5. If after adjusting your taxable gains by the net capital losses under steps #3 and #4 you still have a positive balance remaining for any of the years from 2015 to 2017, you can potentially generate an income tax refund by carrying back a net capital loss from 2018 to any or all of 2015, 2016 or 2017.
6. If you have an investment advisor, call your advisor and request a realized capital gain/loss summary from 2018 to determine if you are in a net gain or loss position. If you trade yourself, ensure you update your capital gain/loss schedule (or Excel spreadsheet, whatever you use) for the year.
Now that you have all the information you need, it is time to be strategic about how to use your losses.
Basic Use of Losses
For discussion purposes, let’s assume the following:
■ 2018: total realized capital loss of $30,000
■ 2017: taxable capital gain of $15,000
■ 2016: taxable capital gain of $5,000
■ 2015: taxable capital gain of $7,000
Based on the above, you will be able to carry back your $15,000 net capital loss ($30,000 × 50 per cent) from 2018 against the $7,000 and $5,000 taxable capital gains in 2015 and 2016, respectively, and apply the remaining $3,000 against your 2017 taxable capital gain.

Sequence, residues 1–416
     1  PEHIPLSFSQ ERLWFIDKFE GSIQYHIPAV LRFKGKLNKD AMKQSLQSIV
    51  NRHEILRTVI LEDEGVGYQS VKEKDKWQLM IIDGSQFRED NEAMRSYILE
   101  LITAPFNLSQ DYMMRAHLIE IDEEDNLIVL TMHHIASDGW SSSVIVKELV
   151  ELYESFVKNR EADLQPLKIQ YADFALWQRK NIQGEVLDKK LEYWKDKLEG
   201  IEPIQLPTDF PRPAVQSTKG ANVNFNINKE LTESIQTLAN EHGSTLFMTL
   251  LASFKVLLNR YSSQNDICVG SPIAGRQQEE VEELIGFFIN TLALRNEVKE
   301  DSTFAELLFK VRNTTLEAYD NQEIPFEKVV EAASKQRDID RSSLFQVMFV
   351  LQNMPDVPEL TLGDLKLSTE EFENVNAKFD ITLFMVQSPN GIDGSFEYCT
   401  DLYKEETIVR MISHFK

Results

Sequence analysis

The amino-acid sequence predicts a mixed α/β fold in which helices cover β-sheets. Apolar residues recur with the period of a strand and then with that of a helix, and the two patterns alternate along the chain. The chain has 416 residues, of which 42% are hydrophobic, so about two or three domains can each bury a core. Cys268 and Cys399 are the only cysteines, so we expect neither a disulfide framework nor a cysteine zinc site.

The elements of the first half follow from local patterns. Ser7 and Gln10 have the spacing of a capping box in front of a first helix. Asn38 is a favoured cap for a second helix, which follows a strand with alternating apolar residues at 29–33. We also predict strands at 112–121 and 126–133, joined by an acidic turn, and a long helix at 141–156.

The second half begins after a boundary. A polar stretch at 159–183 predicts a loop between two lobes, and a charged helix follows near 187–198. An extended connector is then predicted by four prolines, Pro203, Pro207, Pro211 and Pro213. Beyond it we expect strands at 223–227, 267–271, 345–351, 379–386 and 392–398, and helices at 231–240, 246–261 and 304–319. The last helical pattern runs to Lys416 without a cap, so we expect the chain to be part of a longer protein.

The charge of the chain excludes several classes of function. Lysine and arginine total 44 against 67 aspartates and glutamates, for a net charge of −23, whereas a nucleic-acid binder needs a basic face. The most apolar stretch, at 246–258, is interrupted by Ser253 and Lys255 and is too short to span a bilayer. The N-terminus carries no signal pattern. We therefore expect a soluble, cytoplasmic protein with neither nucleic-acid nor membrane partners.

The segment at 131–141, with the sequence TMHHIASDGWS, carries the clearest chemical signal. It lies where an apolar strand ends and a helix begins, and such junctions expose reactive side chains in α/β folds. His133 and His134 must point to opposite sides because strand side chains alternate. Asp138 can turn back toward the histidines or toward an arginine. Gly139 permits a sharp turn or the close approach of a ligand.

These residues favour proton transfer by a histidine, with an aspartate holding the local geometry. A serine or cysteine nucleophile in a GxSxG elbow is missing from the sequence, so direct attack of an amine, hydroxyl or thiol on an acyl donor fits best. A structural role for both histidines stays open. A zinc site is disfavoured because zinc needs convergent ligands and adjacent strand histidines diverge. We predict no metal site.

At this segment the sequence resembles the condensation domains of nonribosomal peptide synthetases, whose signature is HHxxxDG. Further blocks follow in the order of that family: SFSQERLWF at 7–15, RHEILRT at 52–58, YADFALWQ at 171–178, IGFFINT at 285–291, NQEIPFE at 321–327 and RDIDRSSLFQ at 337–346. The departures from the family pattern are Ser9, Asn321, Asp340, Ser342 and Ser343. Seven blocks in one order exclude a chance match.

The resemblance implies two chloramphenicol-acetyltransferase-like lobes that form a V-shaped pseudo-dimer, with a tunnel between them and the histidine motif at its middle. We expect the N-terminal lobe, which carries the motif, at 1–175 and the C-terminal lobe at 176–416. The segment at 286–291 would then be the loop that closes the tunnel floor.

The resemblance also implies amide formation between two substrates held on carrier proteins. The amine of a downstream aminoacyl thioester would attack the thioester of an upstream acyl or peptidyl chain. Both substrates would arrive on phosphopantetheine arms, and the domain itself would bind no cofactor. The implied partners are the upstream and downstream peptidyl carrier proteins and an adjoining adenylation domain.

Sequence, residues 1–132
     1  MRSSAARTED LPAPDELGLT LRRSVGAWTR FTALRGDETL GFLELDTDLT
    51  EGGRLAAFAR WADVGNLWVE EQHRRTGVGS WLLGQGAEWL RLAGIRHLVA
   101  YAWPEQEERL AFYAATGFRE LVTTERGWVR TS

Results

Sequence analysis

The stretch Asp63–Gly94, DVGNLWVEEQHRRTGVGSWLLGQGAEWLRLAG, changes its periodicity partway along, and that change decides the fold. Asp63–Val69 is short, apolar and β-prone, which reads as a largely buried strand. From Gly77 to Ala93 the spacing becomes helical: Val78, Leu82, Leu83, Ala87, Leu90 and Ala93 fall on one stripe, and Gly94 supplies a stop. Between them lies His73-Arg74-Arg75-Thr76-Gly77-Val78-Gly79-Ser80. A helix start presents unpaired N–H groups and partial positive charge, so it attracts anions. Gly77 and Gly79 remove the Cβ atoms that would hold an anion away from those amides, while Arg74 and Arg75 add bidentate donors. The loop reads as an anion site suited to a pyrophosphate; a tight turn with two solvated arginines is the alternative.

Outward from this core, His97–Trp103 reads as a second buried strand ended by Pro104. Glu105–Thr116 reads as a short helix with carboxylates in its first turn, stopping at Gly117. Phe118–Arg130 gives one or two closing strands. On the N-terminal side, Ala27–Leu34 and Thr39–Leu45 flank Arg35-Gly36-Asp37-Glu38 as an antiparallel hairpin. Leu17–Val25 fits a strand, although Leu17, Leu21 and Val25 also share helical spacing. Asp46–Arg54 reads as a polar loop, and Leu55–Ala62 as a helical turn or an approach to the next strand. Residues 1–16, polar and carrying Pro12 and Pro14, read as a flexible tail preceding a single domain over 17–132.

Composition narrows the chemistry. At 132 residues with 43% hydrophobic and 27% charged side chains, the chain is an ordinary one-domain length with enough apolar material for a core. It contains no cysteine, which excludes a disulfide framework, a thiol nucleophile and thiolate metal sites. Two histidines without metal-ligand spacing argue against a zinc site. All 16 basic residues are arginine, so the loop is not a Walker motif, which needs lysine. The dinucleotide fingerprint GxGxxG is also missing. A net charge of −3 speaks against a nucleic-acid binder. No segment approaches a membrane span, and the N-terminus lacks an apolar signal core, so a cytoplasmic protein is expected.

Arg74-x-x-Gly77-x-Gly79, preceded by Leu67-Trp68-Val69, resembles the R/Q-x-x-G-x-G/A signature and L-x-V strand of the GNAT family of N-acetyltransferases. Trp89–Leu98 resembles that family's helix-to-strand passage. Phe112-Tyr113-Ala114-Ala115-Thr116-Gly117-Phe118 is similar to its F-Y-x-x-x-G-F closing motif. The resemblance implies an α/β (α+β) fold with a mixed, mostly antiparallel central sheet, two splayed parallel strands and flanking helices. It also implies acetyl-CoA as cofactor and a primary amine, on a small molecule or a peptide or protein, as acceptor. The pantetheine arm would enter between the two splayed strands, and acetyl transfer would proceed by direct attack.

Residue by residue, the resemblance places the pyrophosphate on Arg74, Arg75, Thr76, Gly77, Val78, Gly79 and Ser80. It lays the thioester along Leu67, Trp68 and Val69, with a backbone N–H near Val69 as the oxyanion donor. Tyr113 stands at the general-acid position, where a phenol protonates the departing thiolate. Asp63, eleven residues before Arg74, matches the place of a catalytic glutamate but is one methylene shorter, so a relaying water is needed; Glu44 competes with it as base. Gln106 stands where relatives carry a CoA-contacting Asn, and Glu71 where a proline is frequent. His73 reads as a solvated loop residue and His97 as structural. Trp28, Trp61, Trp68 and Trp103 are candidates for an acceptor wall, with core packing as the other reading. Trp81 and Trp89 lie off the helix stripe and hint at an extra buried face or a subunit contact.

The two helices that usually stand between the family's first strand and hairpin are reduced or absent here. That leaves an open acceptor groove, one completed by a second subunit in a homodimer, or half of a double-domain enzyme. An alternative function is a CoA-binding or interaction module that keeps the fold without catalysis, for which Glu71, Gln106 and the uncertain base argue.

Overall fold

Many people buy the same company’s shares (say Bell Canada) in different accounts or have employer stock purchase plans. I often see people claim a gain or loss on the sale of their Bell Canada shares from one of their accounts, but ignore the shares they own of Bell Canada in another account. However, be aware, you have to calculate your adjusted cost base on all the identical shares you own in say Bell Canada and average the total cost of all your Bell Canada shares over the shares in all your accounts. If the cost of your shares in Bell are higher in one of your accounts, you cannot pick and choose to realize a loss on that account; you must report the gain or loss based on the average adjusted cost base of all your Bell shares, not the higher cost base shares.
Creating Gains From Unutilized Losses